BA: I don’t know where that comes from!
BH : Let’s return to more serious and difficult issues. You told me earlier that you were suffering from domestic violence in your marriage, and that got pretty bad. Tell us what happened one particular night when you already had the children.
BA: After the birth things just escalated out of control. In February 2010 things were so bad I actually feared for my life. I fled the apartment and went to a women’s refuge overnight. I came back the next morning hoping and praying that things might have calmed down and we could discuss the situation, but when I got to the apartment my husband had called the police and paramedics. His mother and aunt were there and he was throwing me around. He said “I was going to have had you committed to a mental hospital, you’re a psychopath, you’re a terrible mother, you’re a terrible wife, you’ll never see your children again, nobody will know where you are. I’m not even going to tell anyone that you’re in this mental hospital.”
BH : Hold on, is he a psychiatrist?
BA: No he’s not, he’s a trainee doctor.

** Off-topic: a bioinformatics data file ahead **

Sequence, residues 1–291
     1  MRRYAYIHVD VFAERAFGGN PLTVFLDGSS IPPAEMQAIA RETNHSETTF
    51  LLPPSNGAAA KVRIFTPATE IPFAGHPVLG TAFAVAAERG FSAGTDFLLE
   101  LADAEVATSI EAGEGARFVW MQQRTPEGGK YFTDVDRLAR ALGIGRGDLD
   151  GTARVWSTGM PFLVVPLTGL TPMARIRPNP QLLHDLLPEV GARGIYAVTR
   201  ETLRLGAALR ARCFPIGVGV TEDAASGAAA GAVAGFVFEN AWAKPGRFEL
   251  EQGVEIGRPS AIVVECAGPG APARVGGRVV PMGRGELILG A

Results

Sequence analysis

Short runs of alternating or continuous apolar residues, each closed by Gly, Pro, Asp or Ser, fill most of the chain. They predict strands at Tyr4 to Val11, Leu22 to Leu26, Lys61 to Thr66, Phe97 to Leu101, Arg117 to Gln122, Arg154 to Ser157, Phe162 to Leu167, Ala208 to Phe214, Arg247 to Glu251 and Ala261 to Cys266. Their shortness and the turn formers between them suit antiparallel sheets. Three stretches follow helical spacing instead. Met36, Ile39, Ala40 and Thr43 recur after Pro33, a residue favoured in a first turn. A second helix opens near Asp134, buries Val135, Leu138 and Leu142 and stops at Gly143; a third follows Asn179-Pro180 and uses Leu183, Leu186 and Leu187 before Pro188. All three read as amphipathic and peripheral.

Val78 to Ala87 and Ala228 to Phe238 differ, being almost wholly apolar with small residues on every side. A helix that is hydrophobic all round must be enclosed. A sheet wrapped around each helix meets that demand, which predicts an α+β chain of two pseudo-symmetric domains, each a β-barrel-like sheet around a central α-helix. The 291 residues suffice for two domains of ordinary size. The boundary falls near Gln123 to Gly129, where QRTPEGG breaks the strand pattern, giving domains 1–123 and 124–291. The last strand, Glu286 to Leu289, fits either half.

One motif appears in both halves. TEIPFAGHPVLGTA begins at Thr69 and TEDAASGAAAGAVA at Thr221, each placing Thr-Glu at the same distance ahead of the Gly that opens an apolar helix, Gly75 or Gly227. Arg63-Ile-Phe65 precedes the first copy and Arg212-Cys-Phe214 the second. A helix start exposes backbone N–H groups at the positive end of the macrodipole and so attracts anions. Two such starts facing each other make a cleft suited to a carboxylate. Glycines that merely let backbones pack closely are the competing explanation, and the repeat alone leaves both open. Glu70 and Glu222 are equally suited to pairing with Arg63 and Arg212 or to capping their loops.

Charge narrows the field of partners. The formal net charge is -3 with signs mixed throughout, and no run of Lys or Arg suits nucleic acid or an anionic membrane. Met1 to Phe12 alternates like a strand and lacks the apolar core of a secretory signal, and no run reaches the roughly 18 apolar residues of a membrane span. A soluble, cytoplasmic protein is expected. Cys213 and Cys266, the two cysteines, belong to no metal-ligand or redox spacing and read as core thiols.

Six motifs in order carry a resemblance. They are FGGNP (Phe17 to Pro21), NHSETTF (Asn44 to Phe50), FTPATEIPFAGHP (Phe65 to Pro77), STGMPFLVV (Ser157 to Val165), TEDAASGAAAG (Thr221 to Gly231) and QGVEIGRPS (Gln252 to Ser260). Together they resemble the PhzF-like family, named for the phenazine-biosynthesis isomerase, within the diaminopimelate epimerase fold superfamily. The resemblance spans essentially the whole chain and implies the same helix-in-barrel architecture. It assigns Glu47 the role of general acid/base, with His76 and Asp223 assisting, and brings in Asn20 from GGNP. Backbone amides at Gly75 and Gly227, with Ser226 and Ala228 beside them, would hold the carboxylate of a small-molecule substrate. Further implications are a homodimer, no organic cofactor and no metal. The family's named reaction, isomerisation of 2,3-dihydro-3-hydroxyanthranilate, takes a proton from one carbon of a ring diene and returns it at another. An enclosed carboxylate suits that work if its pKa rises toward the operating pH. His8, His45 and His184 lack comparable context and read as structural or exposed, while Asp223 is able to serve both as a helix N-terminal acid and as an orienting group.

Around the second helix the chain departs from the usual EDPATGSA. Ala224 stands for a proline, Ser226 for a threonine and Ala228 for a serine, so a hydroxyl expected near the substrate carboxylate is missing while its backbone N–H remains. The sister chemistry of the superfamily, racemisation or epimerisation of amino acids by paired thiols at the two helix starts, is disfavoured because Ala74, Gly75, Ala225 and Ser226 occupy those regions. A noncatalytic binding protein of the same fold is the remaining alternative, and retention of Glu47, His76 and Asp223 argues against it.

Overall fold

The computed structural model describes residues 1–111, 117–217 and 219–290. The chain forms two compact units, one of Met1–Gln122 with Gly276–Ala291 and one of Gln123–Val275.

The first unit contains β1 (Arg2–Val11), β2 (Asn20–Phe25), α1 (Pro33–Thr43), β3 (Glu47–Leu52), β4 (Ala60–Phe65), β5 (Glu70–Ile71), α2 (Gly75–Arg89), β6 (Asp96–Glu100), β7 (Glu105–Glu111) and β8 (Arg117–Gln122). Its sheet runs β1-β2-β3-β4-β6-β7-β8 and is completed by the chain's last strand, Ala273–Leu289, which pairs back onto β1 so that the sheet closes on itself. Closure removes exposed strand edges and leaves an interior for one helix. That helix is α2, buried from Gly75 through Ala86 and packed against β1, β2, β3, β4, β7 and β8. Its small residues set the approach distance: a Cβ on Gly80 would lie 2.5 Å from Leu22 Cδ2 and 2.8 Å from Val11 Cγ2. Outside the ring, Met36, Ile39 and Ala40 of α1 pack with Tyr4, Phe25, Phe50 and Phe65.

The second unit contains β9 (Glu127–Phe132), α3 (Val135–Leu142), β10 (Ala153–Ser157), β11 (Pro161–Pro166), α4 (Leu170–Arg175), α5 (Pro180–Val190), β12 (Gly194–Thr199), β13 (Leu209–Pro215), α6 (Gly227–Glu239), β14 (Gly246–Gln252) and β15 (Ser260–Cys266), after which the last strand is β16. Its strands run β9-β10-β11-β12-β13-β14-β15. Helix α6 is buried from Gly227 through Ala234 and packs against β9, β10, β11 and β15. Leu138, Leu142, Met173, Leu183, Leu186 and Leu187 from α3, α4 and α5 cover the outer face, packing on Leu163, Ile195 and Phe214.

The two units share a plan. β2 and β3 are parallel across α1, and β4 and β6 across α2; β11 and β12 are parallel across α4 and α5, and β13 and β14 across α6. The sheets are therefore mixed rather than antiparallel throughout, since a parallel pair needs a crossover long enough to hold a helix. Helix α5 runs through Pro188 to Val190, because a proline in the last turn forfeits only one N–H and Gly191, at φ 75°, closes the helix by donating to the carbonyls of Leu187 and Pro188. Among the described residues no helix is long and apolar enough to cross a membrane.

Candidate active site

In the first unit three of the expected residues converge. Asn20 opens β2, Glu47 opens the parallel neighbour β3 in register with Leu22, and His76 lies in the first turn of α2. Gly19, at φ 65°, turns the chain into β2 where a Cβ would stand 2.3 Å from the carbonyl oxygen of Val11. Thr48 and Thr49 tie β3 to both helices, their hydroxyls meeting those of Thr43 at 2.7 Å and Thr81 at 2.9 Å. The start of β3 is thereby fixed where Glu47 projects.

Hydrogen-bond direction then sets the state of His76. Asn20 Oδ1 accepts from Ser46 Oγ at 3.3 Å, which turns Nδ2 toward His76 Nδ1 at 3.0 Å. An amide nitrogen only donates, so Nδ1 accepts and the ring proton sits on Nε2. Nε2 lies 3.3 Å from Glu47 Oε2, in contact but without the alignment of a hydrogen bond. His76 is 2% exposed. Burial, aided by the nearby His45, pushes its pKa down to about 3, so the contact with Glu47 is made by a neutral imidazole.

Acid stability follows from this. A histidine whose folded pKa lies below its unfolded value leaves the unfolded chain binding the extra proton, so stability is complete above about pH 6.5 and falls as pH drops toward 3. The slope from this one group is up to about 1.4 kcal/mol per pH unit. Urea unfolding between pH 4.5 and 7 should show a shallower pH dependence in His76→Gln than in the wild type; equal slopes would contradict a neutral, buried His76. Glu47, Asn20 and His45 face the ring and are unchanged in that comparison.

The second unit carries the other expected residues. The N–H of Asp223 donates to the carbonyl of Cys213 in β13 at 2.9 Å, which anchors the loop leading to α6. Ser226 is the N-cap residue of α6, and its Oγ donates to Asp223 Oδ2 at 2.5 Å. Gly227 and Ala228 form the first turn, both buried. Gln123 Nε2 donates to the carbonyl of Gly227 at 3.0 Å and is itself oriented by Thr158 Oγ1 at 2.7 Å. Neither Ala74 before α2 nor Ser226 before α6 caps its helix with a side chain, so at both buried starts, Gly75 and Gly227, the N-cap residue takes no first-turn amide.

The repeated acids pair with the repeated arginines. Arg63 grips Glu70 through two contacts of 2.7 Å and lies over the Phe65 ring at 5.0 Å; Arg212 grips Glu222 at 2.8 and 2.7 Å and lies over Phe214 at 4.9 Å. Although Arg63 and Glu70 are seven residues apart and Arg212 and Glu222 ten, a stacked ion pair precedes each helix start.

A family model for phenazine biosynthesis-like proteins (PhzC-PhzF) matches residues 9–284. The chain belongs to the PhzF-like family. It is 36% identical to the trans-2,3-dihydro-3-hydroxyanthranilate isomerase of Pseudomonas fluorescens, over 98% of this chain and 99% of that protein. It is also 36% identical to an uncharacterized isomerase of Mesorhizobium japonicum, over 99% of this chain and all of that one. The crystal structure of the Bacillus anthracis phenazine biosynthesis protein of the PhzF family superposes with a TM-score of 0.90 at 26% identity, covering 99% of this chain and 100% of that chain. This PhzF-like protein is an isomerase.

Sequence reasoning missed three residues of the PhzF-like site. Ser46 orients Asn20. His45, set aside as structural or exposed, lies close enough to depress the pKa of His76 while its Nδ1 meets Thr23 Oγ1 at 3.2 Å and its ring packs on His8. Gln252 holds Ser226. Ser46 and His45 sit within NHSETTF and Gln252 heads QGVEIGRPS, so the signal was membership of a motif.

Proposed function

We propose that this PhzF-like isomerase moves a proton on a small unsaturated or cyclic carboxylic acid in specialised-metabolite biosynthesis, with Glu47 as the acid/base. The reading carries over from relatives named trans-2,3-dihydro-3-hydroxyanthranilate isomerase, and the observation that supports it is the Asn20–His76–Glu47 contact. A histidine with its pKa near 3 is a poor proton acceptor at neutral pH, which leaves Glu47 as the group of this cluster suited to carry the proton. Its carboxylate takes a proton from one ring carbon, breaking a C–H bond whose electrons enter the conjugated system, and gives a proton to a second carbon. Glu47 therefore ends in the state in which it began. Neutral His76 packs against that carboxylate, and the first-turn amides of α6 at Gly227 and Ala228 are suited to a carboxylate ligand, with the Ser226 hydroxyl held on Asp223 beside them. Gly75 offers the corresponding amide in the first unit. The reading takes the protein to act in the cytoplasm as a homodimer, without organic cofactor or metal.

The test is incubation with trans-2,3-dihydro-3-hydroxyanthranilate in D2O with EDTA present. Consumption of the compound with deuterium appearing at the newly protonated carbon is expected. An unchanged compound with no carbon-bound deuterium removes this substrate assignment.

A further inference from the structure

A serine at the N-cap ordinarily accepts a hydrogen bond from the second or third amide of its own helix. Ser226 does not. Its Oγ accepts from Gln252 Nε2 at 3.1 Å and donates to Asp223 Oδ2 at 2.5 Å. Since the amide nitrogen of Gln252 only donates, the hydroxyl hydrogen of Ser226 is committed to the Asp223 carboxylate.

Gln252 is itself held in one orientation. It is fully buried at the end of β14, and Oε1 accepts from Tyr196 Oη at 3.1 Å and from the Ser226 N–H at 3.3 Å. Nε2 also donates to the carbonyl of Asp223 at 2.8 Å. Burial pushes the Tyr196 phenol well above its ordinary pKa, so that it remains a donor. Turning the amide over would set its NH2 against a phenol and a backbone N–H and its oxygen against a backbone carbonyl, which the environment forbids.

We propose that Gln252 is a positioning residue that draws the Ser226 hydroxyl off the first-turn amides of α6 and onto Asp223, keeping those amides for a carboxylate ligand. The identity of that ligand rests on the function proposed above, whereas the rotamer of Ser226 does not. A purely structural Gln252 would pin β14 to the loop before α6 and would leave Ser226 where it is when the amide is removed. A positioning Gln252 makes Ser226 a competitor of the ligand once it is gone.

BH : A trainee doctor. Obviously, this is your side of the story we’re hearing, but, had you done anything to suggest that you might have any mental health problems?
BA: I’ve never been to a doctor thank gd, never had any mental health issues in my life. I’ve never been on any medication in my life. I have clean bills of health from psychiatrists since then that have said there’s never been anything wrong with me.
BH : So did you believe that your then husband was perhaps trying to set you up in some way?
BA: I couldn’t understand what was happening. First of all I was exhausted, I was overwhelmed, I was confused, I couldn’t even speak, I didn’t know what he was talking about. I was looking at him like he’s mad, “where has this even come from”. And then I realised afterwards, of course it was a set up. He wanted me out of the picture and it was the easiest way to do it.
BH : I think you told me that he set up a psychiatrist over the telephone who decided that you were mad (over the phone)…
BA: A colleague of his, a Jewish psychiatrist, the head of psychiatry at the same hospital where he worked who claimed that yes, this woman is mentally ill and he then came to my apartment and backed up my husband and said “yes, she needs locking away” and then when he was asked by the police doctor “have you ever met this girl, have you actually diagnosed her”, he had to admit that actually “I’m sorry, I’ve never met her in my life, I’ve never even spoken to her, I’ve just heard the allegations of the husband”.